January , 2019

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By Marc Morial
President & CEO, National Urban League


In the last month, there have been two dozen anti-Muslim attacks in the United States, ranging from a cabdriver shot in Pittsburgh to the deliberate torching of a Somali restaurant in Grand Forks, N.D. The owner of a food market in Queens was beaten by a customer who vowed to “kill Muslims.” Threats, vandalism and discrimination are rampant.

Donald Trump’s call to ban all Muslims from entering the country, even U.S. citizens, is breathtaking in its bigotry. To exclude any group based on religion or ethnicity is an anathema to American ideals. It not only violates our Constitution, but our shared sense of decency.

As far back as June the National Urban League called upon all Presidential candidates to refrain from divisive language and hate speech. It’s clear that call has not been heeded by every candidate, and there can be no denying that such rhetoric has contributed to the atmosphere of hostility that leads to acts of violence.

We also abhor and condemn senseless acts of terrorism, which are in themselves their own insidious brand of hate-inspired violence.

The violence and hostility are not limited to Muslims – hate crimes motivated by religion, race and sexual orientation remain all-too common. This hatred – and fear – is corrosive and cannot be tolerated.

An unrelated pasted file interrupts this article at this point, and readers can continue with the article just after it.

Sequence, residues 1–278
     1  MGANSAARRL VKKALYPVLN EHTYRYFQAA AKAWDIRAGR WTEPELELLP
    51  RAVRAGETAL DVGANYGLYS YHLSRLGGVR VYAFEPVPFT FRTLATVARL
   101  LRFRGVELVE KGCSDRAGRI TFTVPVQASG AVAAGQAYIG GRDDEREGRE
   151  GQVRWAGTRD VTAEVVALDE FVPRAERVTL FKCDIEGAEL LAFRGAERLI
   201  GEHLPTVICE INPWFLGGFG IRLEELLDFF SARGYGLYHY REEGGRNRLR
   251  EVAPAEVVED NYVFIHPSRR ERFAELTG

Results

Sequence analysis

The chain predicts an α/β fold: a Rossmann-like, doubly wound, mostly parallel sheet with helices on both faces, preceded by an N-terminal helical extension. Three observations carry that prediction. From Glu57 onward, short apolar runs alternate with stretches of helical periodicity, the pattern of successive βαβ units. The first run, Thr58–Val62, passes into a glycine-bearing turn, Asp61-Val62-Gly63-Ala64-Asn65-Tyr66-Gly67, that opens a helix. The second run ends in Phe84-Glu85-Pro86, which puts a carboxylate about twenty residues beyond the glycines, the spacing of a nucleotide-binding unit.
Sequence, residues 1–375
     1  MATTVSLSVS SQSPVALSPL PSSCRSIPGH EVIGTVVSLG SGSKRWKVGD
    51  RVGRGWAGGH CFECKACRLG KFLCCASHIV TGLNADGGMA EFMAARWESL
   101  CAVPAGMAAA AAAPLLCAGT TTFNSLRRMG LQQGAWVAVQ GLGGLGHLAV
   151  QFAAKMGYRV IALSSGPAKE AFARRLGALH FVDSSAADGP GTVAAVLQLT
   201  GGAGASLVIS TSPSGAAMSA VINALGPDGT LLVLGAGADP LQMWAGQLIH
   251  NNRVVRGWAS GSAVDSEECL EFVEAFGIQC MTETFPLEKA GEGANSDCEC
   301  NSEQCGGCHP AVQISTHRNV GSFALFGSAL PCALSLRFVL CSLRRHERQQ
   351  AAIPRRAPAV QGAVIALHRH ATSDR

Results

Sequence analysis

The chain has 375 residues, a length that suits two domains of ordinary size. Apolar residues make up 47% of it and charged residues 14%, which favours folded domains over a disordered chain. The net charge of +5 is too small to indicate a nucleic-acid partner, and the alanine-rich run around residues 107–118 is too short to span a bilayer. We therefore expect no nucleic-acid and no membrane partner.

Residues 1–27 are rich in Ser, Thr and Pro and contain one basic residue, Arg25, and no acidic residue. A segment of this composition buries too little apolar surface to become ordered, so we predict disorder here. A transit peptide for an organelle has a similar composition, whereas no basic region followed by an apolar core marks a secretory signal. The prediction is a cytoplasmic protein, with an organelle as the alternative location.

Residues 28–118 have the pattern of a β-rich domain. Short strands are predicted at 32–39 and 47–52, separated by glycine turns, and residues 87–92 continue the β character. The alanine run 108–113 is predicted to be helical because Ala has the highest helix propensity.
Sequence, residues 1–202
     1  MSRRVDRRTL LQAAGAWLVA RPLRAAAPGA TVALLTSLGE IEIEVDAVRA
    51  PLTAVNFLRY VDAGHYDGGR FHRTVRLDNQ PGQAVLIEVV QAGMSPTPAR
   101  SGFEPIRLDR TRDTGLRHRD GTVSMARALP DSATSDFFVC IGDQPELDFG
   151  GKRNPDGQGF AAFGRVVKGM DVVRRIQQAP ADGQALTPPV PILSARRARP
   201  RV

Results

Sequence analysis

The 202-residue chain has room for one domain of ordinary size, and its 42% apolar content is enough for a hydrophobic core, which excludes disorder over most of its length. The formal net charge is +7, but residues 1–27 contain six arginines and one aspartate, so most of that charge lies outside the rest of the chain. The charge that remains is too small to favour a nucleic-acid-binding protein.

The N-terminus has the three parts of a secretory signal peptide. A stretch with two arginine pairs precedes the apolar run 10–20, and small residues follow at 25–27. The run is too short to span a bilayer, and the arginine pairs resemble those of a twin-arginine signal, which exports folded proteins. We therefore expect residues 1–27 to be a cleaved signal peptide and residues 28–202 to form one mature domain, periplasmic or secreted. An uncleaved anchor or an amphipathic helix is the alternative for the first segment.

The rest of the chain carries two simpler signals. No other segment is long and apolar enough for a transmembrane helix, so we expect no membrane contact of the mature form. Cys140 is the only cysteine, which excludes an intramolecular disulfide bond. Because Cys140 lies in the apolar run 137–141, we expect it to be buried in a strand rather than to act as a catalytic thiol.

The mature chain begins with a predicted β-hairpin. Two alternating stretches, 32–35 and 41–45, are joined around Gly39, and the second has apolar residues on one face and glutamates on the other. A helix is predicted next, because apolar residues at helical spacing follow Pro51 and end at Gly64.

Religious and racial bigotry are not core American values. In fact, such bigotry is more than unpatriotic; experts agree that anti-Muslim rhetoric contributes to radicalization and recruitment by jihadist groups.

Politicians appealing to voters’ basest instincts is nothing new. But the level of vitriol may be unprecedented in modern American politics. Sadly, comparisons to the rise of Adolph Hitler are no longer hyperbolic in this case.

This ugliness must stop. It’s dangerous not only for our Muslim brothers and sisters, but all people as well as our national security. We call on those engaged in such rhetoric to reconsider the consequences of their reckless spew. We call upon all Americans, especially the Presidential candidates, to denounce bigotry and work for greater understanding among cultures and peace.

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Welcome to CopyLine Magazine! The first issue of CopyLine Magazine was published in November, 1990, by Editor & Publisher Juanita Bratcher. CopyLine’s main focus is on the political arena – to inform our readers and analyze many of the pressing issues of the day - controversial or otherwise. Our objectives are clear – to keep you abreast of political happenings and maneuvering in the political arena, by reporting and providing provocative commentaries on various issues. For more about CopyLine Magazine, CopyLine Blog, and CopyLine Television/Video, please visit juanitabratcher.com, copylinemagazine.com, and oneononetelevision.com. Bratcher has been a News/Reporter, Author, Publisher, and Journalist for 33 years. She is the author of six books, including “Harold: The Making of a Big City Mayor” (Harold Washington), Chicago’s first African-American mayor; and “Beyond the Boardroom: Empowering a New Generation of Leaders,” about John Herman Stroger, Jr., the first African-American elected President of the Cook County Board. Bratcher is also a Poet/Songwriter, with 17 records – produced by HillTop Records of Hollywood, California. Juanita Bratcher Publisher

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